Java Reference
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because of the number of possible test cases. Even if a method has only
one int parameter, exhaustive testing would require calling the method
well over four billion times, and the output of each call would have to be
checked for correctness.
2. Blackbox testing, or functional testing . In making up test cases, one
looks only at the specification of the program (and not the program itself)
in deciding what test cases to try. The program is a black box, and you
cannot see inside it.
Lesson page 14-3
has a discussion
of blackbox test-
ing and an inter-
esting anecdote
about doing it in
3. Whitebox testing, or structural testing . One looks at the program itself
when developing test cases and uses the structure of the program to rec-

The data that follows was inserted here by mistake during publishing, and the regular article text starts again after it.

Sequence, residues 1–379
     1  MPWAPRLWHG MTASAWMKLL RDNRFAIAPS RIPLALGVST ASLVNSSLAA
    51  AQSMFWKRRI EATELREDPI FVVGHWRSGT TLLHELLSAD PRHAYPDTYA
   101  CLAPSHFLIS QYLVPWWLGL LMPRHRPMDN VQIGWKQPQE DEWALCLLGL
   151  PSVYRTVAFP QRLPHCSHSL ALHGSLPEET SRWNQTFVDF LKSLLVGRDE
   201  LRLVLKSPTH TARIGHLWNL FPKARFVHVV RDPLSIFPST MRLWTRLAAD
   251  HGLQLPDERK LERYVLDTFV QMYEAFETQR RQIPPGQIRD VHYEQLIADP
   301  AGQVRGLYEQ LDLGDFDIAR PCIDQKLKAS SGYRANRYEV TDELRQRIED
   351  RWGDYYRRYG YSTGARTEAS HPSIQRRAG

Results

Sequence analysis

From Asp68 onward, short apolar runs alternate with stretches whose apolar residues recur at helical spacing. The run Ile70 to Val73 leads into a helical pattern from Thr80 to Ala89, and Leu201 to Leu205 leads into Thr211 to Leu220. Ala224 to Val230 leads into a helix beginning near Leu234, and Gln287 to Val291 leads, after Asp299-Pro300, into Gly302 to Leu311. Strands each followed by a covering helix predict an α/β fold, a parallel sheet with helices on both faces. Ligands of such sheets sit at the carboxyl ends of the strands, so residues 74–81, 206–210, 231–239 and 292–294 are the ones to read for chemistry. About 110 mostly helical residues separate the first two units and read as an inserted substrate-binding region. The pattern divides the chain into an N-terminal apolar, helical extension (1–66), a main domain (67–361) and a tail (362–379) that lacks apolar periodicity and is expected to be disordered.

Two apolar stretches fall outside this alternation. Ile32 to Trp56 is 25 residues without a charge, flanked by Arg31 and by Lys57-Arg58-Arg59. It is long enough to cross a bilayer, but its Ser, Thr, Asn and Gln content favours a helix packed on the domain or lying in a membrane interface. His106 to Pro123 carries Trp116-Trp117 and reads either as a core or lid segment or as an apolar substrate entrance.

ognize possible trouble spots and develop test cases to exercise them.
The term whitebox testing was badly chosen. Just because a box is
white does not mean you can see through it. A better term would have
been glassbox testing or transparent box testing .
In the rest of this section, we discuss structural testing as a complement to
functional testing. We review maxim 3:
/** = English equivalent of n , for 0<n<1000 */
public static String anglicize( int n) {
String s= " " ; // anglicize(n) = s + anglicize(k)
int k= n;
if (k >= 100) {
s= s + digitName(k / 100) + "hundred ";
k= k % 100;
if (k >= 20) {
s= s + tensName(k / 10);
k= k % 10;
if (k > 10) {
s= s + teenName(k);
k= 0;
if (k > 0) {
s= s + digitName(k);
k= 0;
return s;
Figure 14.4:
Method anglicize , to be tested (it contains an error)
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